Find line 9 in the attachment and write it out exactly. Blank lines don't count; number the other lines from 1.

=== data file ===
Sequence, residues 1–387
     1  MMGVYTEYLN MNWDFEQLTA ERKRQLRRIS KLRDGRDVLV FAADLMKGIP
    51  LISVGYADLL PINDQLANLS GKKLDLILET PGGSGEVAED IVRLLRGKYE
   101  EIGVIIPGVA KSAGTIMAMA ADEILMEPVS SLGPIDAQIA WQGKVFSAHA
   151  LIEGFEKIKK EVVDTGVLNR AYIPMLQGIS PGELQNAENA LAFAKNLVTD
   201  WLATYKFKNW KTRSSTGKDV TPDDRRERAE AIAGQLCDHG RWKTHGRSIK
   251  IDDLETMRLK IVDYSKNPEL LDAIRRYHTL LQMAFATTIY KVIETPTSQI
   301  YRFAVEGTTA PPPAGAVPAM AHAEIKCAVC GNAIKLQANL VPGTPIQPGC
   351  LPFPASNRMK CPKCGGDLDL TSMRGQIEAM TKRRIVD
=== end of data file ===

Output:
   351  LPFPASNRMK CPKCGGDLDL TSMRGQIEAM TKRRIVD